After about 20 years'helping the Almeida Theatre grow from abandoned ruin to international venue, through an erratic programme of cutting and carving, bandaging and repair, it has been with considerable relief that we have at last been able to oversee its structural rejuvenation.
Burrell Foley Fischer's success in maintaining the intimacy of the auditorium space and the airy, yet robust, character of the front of house belies the amount of engineering that has gone on beneath.
Our challenge in the auditorium was to accommodate all the technical facilities and services expected of a modern theatre while respecting the 19-century fabric of this unique Grade II-listed building. The timber king-post roof structure over the main auditorium, and the four slender internal cast iron columns supporting it are now working 60 per cent harder than originally intended. These have been discreetly and sympathetically strengthened to enable them to safely support the additional loads imposed by heavy new acoustic roof linings, new services in the roof void and the upgraded lighting grid suspended above the stage.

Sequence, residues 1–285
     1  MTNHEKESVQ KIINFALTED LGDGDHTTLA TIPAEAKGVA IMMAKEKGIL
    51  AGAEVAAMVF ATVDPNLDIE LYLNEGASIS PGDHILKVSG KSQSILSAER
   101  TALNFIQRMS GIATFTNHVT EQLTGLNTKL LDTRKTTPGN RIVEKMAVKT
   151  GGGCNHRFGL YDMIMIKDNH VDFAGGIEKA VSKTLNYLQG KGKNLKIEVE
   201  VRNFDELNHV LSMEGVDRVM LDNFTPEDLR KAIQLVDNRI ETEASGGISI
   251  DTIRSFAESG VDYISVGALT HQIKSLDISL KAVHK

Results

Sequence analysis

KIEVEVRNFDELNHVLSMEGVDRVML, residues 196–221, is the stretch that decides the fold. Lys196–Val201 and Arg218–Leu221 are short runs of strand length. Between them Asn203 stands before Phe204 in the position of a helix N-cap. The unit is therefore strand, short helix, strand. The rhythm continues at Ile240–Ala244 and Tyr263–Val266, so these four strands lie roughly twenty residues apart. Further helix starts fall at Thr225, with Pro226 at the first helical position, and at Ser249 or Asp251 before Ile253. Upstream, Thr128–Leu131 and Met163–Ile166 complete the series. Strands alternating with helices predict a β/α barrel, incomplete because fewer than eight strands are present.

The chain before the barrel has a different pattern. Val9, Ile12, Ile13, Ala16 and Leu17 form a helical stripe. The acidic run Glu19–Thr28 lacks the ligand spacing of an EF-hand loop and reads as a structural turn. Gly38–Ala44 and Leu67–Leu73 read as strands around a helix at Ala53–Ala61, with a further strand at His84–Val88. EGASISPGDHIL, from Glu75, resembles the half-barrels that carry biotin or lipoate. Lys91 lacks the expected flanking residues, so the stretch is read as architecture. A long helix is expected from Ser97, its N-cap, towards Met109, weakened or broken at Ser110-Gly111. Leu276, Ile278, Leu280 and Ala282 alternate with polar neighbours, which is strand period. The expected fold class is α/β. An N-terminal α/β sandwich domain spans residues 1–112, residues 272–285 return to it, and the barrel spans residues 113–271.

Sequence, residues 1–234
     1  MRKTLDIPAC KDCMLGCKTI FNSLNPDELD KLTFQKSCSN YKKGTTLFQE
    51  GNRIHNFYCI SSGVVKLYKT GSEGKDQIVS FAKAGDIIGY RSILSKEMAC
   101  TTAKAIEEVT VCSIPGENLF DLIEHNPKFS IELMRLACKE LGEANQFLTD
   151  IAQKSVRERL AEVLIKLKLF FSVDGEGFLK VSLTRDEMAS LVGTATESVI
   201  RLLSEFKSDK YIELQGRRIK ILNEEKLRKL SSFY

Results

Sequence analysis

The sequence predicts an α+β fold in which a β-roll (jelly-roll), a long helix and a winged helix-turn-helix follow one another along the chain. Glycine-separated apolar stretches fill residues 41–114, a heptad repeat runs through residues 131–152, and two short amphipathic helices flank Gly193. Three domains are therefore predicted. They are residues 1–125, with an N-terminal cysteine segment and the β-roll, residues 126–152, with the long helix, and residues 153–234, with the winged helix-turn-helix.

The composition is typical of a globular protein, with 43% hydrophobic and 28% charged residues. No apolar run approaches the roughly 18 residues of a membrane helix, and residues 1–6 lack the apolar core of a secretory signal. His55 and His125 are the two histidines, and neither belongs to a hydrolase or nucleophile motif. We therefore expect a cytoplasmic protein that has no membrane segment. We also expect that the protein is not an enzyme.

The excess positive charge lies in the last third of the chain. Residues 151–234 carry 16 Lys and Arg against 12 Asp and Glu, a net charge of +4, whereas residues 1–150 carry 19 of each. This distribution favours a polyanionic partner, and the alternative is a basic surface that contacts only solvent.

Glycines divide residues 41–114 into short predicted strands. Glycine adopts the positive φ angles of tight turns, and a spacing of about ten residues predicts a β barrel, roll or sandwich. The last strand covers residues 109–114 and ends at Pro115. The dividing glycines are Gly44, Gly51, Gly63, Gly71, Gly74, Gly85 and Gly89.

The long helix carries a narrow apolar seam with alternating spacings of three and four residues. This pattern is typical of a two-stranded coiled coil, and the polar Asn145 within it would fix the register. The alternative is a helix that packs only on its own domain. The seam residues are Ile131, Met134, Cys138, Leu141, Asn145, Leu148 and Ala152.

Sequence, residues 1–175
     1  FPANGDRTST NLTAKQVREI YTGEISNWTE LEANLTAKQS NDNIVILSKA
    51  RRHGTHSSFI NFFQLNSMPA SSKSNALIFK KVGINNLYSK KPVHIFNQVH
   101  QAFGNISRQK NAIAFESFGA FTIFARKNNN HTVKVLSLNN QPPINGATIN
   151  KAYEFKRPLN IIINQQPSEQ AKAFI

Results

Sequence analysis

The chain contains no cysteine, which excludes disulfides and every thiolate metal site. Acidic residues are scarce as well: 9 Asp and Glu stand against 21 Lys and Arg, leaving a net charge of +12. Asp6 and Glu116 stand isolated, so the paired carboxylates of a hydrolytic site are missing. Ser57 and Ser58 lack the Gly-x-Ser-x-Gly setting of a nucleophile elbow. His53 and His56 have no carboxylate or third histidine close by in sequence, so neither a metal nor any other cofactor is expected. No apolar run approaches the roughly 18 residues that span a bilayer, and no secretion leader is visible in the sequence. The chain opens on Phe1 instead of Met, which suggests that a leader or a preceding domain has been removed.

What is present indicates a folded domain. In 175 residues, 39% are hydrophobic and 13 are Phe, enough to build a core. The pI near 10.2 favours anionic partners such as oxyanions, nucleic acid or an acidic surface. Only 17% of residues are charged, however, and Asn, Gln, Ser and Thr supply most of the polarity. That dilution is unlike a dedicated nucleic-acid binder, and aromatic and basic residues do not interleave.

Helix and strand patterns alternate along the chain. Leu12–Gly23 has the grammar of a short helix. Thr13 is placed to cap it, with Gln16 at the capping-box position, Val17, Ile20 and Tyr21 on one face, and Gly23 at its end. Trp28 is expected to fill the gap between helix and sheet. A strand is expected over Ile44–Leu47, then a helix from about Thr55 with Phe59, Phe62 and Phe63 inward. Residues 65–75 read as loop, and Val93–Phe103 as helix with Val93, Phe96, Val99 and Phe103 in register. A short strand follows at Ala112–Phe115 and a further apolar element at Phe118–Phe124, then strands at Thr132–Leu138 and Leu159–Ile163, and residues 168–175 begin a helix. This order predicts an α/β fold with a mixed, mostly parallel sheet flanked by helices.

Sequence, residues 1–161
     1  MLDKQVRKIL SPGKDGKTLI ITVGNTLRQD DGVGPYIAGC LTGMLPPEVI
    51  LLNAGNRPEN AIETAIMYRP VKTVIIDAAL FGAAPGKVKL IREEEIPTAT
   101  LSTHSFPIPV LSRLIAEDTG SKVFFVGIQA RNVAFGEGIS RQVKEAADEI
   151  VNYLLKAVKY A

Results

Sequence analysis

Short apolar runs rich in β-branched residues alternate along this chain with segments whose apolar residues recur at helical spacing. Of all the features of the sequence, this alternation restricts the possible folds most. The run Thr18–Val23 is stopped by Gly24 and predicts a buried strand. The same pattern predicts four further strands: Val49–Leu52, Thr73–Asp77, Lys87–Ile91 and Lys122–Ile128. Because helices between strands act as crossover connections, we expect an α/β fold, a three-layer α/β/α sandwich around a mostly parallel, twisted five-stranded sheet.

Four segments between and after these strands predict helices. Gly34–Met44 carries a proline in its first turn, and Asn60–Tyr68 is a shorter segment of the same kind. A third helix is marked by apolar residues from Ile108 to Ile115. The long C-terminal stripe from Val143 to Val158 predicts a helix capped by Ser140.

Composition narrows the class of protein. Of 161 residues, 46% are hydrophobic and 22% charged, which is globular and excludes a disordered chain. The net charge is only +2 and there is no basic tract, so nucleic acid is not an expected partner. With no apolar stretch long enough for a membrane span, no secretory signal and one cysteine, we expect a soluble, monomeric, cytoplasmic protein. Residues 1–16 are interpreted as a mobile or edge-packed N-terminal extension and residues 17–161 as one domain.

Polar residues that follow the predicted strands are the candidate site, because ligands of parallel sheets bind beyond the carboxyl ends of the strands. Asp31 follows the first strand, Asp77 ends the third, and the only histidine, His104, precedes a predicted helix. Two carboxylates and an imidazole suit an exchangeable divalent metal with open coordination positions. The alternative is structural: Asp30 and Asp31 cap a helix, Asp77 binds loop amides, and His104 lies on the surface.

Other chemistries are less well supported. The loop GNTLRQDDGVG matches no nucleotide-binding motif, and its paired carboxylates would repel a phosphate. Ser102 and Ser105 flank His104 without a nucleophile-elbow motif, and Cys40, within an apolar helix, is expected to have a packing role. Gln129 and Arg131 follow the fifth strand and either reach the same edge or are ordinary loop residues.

The stage floor was completely renewed - the original stage structure having been severed beyond repair over the years by ambitious set designers. Valuable new space was created below the stage, but extensive underpinning was avoided by selective excavation.
Kept mainly out of sight of the audience is a vast network of new electrical, communication and mechanical ventilation services. Very careful planning and coordination of routes was required to enable these services, in particular the large ventilation ducts, to penetrate through hidden structures.
The collection of small outbuildings in the yard, which previously formed the front of house were completely demolished, allowing BFF to start with a clean slate. The new structure is primarily a simple steel framework with timber carcassing, allowing maximum freedom for large areas of roof and facade glazing to create the 'outside-indoors' feel to the bar and foyer.
Economic use was made of the restricted space available. Large air-intake ducts run below the pileassisted concrete ground slab. The ramp balustrading has neatly designed demountable base fixings, so scenery deliveries can be made through the foyer from the sole entrance in Almeida Street.
Derek Crous, Alan Conisbee and Associates